The Secretary of State for Health and Social Care commissioned an independent review to be conducted looking at all areas of tobacco control. It was headed up by Javed Khan OBE, and the report was released last week. In response to its release, the Independent British Vape Trade Association was invited to speak about vaping on Radio 4.
The shocking difference between the United Kingdom and United States of America’s approach to tobacco harm reduction has recently been illustrated by yet another American teenager being tasered for simply vaping. While the UK’s public health bodies have embraced vaping as a key method to combat smoking, the States appears to be repeating its alcohol prohibition errors.
The law controlling electronic cigarette products, the Tobacco and Related Products Regulations 2016 (TRPR), has been reviewed and the findings finally published by government. The Post-Implementation Review of Tobacco Legislation report will now guide politicians on what measures to put into the forthcoming Tobacco Control Plan.
Writing for a national newspaper, Jacob Rees-Mogg, the Minister for Brexit Opportunities and Government Efficiency asked for people to write in and suggest rule changes that are now possible following Brexit. The New Nicotine Alliance (NNA) took up his offer and suggested changes to vape legislation. It is asking e-cig users to do the same.
With Covid restrictions relaxed or scrapped completely, people are looking towards enjoying a holiday abroad. Many of those travelling will be going with their vapes for the first time, so we look at what the current situation is with flying and e-cig kits – from the types of devices you may wish to consider to how to pack your kit.
Momentous things are happening in the world of vape. China, the electronic cigarette manufacturing powerhouse has passed a law banning vape products from being sold. In America, President Biden has signed a Bill into law treating synthetic nicotine like freebase. We look at what this means for ecig users in the United Kingdom.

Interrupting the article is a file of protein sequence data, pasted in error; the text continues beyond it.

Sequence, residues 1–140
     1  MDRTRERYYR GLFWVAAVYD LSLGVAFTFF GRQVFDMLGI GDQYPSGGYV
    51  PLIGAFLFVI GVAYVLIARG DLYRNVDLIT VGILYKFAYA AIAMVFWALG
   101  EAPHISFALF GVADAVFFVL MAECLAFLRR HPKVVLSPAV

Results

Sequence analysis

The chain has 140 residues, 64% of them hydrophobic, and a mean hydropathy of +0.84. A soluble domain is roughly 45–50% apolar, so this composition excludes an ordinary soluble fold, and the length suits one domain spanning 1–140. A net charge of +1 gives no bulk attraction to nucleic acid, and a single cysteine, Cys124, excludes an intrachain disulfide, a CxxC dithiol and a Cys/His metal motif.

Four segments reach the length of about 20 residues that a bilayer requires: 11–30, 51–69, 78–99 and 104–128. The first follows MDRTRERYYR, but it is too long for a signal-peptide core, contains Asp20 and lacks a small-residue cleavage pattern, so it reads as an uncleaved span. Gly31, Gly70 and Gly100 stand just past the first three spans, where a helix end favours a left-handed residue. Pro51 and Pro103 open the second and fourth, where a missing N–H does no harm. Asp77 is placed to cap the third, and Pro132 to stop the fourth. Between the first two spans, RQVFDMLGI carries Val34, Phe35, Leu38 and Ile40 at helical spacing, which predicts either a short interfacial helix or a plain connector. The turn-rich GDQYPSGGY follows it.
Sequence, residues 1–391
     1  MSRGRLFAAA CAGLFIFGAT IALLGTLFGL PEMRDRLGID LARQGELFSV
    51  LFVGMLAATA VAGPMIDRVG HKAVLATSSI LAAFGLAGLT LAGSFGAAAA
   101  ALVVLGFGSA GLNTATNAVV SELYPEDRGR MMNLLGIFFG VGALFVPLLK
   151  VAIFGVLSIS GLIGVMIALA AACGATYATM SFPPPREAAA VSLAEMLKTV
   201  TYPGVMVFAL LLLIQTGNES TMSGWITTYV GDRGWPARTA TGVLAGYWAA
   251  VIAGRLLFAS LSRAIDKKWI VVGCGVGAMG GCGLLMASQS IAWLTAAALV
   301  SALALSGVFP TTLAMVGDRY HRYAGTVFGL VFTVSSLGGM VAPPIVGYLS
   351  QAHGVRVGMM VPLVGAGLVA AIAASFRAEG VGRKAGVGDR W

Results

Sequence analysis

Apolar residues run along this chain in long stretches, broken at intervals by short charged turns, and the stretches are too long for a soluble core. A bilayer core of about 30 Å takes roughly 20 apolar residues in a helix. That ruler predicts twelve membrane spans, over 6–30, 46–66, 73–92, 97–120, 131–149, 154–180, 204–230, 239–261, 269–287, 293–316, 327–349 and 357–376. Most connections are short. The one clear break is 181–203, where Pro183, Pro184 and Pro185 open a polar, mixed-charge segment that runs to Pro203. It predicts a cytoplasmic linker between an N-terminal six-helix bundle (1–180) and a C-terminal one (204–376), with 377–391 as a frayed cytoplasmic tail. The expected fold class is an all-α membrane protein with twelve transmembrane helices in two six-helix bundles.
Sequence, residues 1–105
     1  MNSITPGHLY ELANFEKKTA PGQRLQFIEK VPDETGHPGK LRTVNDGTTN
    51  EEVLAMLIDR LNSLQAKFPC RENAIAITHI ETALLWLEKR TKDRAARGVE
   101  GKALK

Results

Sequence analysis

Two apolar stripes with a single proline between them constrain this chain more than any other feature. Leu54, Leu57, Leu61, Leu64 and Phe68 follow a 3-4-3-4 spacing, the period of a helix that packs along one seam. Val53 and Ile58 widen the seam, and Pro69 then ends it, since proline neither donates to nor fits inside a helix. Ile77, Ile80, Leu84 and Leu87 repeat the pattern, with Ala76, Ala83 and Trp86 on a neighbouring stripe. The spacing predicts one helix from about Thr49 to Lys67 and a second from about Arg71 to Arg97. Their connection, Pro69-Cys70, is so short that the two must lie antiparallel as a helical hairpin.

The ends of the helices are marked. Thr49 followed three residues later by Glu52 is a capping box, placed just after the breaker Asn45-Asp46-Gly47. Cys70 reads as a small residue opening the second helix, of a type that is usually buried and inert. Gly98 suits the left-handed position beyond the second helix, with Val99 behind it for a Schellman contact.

Safety and legal experts are offering updated advice on the legality of using your electronic cigarette when driving, prompting a fresh wave of current newspaper stories. With 3.9 million e-cig users currently vaping in Great Britain, the sight of vapour coming from a car window is no longer an uncommon sight.
During January, smokers were encouraged by the NHS and quit smoking services to swap their tobacco products for electronic cigarettes. Switching brings many benefits, but it also raises a lot of questions – one of the biggest being “Where can I use my e-cig and vape?”
Matt Ridley, vice chair of the All-Party Parliamentary Group for Vaping, is trying to convince the government to allow higher strength e-liquid again. Now the UK is no longer bound by the European Tobacco Products Directive, the Conservative member of the House of Lords sees this as an easy win for harm reduction following Brexit.
It is often used as an argument against liberating the vape market, but do electronic cigarettes inevitably lead teens into subsequent smoking (commonly known as the gateway effect)? Latest research conducted by Doctors Ruoyan Sun, David Mendez, and Kenneth Warner says it doesn’t result in young people taking up cigarette use.